The asymmetric bioreduction of alkenes bearing an electron-withdrawing group leads to the creation of up to two chiral carbon centers. The enzymes responsible for this useful transformation are flavoproteins from the ‘old-yellow-enzyme family’ (often denoted as enoate- or ene-reductases), which ultimately derive their reduction equivalents from of NAD(P)H.

Although this biotransformation has been known for decades, its practical use has been impeded by the requirement of whole microbial cells, most prominent baker's yeast: Although it is simple to use, it generally gives lousy yields, variable e.e.'s and a messy workup. On the other hand, anaerobic bacteria, such as Clostridium spp. from the intestine of ruminants were no attractive alternative, since their enoate reductases are extremely sensitive towards traces of O2. It is therefore not surprising, that the number of practical-scale applications of these enzymes is extremely limited.

Graphical Abstract

In search for a suitable alternative, we turned our attention to ene-reductases from plants and bacteria: Three extremely promising candidates were identified with the help of our friends from the biochemistry department: YqjM from Bacillus subtilis and isoenzymes OPR1 and OPR3 from tomato (don't worry about the unspeakable term YqjM, the letters have the same meaning as those of a car's licence plate: practically none). These three candidates turned out to be a gold mine: they are not fuzzy about the cofactor by taking cheap NADH about equally well as the more expensive NADPH, and they tolerate a large variety of electron-withdrawing (activating) groups, such as aldehyde, ketone, carboxylic acid & ester, imide, nitro and (we presume) a lot more. Since these enzymes are overall extremely stereoselective, tables of substrate-selectivitiy data are usually boring to read with a lot of ‘ee >99%’-entries. However, this is very much appraciated by our industrial partners from BASF AG, who finance this project.

Further reading:

  • R. Stuermer, B. Hauer, M. Hall, K. Faber, Curr. Opin. Chem. Biol. 2007, 11, 203.
  • M. Hall, C. Stueckler, W. Kroutil, P. Macheroux, K. Faber, Angew. Chem. Int. Ed. 2007, 46, 3934.
  • N. J. Mueller, C. Stueckler, B. Hauer, N. Baudendistel, H. Housden, N. C. Bruce, K. Faber, Adv. Synth. Catal. 2010, 352, 387.
  • C. Stueckler, N. J. Mueller, C. K. Winkler, S. M. Glueck, K. Gruber, G. Steinkellner, K. Faber, J. Chem. Soc., Dalton Trans. 2010, 39, 8472.
  • C. Stueckler, C. K. Winkler, M. Bonnekessel, K. Faber, Adv. Synth. Catal. 2010, 352, 2663.
  • C. K. Winkler, C. Stueckler, N. J. Mueller, D. Pressnitz, K. Faber, Eur. J. Org. Chem. 2010, 6354.
  • K. Tauber, M. Hall, W. Kroutil, W. M. F. Fabian, K. Faber, S. M. Glueck, Biotechnol. Bioeng. 2011, 108, 1462.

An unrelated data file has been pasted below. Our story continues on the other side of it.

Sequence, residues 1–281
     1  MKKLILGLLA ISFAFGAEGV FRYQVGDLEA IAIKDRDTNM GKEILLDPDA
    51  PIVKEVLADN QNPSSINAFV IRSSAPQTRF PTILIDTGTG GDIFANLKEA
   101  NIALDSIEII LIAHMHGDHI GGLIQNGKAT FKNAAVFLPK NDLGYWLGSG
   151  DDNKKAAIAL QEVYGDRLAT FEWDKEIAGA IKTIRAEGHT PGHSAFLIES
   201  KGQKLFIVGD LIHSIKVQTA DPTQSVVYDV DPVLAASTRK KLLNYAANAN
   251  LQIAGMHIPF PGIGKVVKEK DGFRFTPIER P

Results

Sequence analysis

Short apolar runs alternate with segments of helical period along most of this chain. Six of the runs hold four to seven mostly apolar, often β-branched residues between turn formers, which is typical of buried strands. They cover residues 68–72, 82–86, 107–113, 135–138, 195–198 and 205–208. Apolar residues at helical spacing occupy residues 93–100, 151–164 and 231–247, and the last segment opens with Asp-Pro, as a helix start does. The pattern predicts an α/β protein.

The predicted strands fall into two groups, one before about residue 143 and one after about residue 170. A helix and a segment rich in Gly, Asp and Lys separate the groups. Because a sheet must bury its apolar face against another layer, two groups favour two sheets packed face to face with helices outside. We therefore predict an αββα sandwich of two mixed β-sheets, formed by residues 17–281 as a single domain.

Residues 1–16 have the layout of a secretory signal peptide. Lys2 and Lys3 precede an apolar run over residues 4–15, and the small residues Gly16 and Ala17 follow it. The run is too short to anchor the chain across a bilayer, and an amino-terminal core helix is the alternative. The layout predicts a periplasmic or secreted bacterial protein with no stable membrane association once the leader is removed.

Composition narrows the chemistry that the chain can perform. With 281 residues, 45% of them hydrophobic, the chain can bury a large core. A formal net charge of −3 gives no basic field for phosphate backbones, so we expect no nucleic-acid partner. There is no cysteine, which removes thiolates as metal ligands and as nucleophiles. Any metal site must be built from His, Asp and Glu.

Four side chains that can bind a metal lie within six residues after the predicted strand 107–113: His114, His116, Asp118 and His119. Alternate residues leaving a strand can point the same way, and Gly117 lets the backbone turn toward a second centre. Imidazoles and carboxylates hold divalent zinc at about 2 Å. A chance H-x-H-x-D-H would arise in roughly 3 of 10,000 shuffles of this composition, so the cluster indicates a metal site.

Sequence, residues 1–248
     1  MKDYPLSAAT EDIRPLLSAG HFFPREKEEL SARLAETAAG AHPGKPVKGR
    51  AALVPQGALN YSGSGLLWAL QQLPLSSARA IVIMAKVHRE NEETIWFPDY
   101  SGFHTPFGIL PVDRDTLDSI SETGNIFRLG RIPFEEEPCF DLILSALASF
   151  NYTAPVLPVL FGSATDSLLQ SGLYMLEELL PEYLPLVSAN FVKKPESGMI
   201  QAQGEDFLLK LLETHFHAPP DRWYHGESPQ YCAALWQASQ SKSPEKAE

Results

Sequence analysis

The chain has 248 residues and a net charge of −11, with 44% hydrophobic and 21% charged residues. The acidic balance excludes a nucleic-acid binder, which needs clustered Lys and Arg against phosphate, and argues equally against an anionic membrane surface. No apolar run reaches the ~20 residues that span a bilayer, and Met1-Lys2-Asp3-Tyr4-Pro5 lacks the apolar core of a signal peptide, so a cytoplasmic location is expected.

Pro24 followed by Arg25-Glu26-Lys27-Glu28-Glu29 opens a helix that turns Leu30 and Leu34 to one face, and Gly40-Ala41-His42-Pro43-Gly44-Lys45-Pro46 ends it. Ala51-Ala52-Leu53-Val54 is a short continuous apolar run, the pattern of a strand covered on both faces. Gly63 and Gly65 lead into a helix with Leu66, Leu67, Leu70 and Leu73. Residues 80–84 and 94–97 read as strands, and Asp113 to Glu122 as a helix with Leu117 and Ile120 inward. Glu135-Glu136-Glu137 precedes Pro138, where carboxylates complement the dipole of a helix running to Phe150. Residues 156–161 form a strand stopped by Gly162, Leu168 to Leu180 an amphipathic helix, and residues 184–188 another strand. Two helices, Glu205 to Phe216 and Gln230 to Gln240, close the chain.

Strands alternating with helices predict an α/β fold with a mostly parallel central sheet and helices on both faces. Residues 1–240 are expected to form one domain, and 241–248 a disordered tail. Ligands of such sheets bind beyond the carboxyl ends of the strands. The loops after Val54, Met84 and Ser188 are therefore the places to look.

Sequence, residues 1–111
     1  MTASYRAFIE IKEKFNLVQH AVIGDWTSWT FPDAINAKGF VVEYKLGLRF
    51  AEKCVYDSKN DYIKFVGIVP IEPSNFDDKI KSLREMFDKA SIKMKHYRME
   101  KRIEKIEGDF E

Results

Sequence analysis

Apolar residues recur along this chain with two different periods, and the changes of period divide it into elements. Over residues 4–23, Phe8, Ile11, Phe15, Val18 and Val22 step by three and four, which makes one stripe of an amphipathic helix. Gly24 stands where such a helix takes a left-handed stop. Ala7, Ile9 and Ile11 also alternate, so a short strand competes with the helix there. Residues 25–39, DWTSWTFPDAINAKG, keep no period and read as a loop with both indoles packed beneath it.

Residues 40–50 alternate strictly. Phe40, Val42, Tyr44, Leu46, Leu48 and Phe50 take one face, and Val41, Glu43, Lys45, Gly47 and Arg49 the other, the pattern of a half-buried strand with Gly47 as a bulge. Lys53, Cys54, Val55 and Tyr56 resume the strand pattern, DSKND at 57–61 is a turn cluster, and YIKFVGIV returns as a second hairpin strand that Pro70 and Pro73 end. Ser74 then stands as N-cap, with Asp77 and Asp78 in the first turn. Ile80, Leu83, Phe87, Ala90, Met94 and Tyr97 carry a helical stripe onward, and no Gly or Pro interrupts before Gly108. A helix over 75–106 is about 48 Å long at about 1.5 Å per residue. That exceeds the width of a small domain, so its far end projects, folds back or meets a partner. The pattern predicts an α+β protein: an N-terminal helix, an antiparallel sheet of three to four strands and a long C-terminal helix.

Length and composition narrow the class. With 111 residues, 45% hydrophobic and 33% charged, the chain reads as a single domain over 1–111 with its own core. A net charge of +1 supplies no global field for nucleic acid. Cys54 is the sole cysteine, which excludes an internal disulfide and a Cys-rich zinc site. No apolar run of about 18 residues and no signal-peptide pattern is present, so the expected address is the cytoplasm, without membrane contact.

• C. Stueckler, C. K. Winkler, M. Hall, B. Hauer, M. Bonnekessel, K. Zangger, K. Faber, Adv. Synth. Catal. 2011, 353, 1169.
  • G. Oberdorfer, G. Steinkellner, C. Stueckler, K. Faber, K. Gruber, ChemCatChem 2011, 3, 1562.

Asymmetric amination employing ω-transaminases

ω-Transaminases employ pyridoxal-5'-phosphate (PLP) as cofactor to transfer formally ammonia and electrons from an amino donor to a ketone acceptor. In contrast to α-amino acid aminotransferases, ω-transaminases possess the capability to convert also substrates lacking an α-carboxylic moiety, making them therefore very attractive for organic synthesis. The advantage of using ω-transaminases compared to chemical methods (i.e., Rh-catalysed hydrogenation of enamines) stems from the milder reaction conditions (i.e., atmospheric pressure, ambient temperature), high enantioselectivity, broad substrate specificity and the absence of heavy metal contaminants.

In our group, we are employing these enzymes to carry out a formal asymmetric reductive amination of prochiral ketones, which leads theoretically to quantitative conversion. However, the equilibrium for the amination lies on the side of the ketone when using alanine as the amine donor (Keq 10–4 – 10–5 for acetophenone). Thus, an excess of alanine is required (5 eq.) and simultaneously the co-product pyruvate is removed employing either LDH or AlaDH. Continuing our studies, various ketones were converted to chiral amines with excellent conversion and enantioselectivity (>99% ee) using (R)- or (S)-selective ω-transaminases of known amino acid sequence. Furthermore, a variant originated from Arthrobacter sp. was employed using an excess of 2-propylamine as amino donor to convert more sterically hindered substrates.

The obtained optically pure amines are precursors of a plethora of bioactive compounds, especially for pharmaceutical and agrochemical applications. For instance, amines (R)-2a, (R)-2b, (R)-2c are building blocks for dilevalol, (R,R)-formoterol and (R)-mexiletine, respectively. (S)-2e is also precursor of the herbicides (S)-metolachlor (Dual) and (S)-dimethenamide (Outlook).

Graphical Abstract

Further reading:

  • F. G. Mutti, C. S. Fuchs, D. Pressnitz, N. G. Turrini, J. H. Sattler, A. Lerchner, A. Skerra, W. Kroutil. Eur. J. Org. Chem 2012, 1003.
  • F. G. Mutti, C. S. Fuchs, D. Pressnitz, J. H. Sattler,W. Kroutil, Adv. Synth. Catal. 2011, 353, 3227.
  • F. G. Mutti, J. Sattler, K. Tauber,W. Kroutil. ChemCatChem 2011, 3, 109.
  • M. Fuchs, D. Koszelewski, K. Tauber, W. Kroutil, K. Faber, Chem. Commun. 2010, 5500.
  • D. Koszelewski, M. Göritzer, D. Clay, B. Seisser, W. Kroutil. ChemCatChem 2010, 2, 73.
  • D. Koszelewski, I. Lavandera, D. Clay, G. M. Guebitz, D. Rozzell, W. Kroutil. Angew. Chem. Int. Ed: 2008, 47, 9337.